- Given the contribution limits, this strategy isn’t particularly capital intensive
Backdoor Roth Cons
- Due to the relatively low funding limits, unless you plan to use this strategy annually going forward, it might not make much of a difference in the context of your long-term financial and tax plan
- Tax filing requirements for reporting non-deductible IRA contributions and Roth conversions are easily missed or neglected
- Many taxpayers also have pre-tax assets in a traditional IRA. Due to the pro rata rule discussed above, this strategy loses its efficacy in this situation
Mega backdoor Roth
If you have a lot of extra cash flow and the ability to supercharge your savings, a mega backdoor Roth might be something to consider – if your company’s 401(k) plan allows it.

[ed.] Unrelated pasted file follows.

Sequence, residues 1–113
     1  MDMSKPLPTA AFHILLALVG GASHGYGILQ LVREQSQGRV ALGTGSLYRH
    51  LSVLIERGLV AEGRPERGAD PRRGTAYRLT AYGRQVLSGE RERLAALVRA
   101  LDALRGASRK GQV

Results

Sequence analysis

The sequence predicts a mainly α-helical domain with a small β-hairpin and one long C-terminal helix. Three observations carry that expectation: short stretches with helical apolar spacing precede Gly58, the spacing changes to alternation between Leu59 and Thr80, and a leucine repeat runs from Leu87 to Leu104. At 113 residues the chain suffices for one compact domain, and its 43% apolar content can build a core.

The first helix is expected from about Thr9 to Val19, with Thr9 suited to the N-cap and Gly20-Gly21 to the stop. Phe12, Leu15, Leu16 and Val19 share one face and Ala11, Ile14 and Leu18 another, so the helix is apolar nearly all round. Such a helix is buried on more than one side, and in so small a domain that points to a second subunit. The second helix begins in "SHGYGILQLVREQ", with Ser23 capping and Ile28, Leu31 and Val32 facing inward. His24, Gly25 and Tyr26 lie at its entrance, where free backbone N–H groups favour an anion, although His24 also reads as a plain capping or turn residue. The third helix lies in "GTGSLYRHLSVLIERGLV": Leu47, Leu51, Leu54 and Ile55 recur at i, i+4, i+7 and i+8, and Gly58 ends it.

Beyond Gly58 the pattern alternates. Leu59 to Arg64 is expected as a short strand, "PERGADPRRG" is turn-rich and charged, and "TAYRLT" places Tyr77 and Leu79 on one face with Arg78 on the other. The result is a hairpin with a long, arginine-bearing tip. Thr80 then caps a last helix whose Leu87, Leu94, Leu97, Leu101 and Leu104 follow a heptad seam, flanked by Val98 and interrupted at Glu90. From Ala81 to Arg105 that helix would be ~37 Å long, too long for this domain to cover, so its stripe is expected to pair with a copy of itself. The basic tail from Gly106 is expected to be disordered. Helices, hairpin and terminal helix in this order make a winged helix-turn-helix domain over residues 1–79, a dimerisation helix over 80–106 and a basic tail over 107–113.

Before getting into the specifics of how this strategy works, first determine whether you’re able to consider it at all.
Mega backdoor Roth requirements:
- Your employer 401(k) or profit-sharing plan must allow after-tax, non-Roth contributions
- The plan must also permit in-plan rollovers to a dedicated Roth account (a Roth 401(k)) or allow in-service non-hardship withdrawals
- Separate plan accounting of pre-tax vs after-tax contributions. Although not a requirement for the plan or to do a mega backdoor Roth, the pro rata rule will apply unless the plan clearly separates pre and post-tax contributions and earnings. So from a practical standpoint, it’s a necessity
Assuming you can do a mega backdoor Roth, here’s how it works:
- You max out individual additions to your 401(k): $22,500 in 2023 or $30,000 if 50+.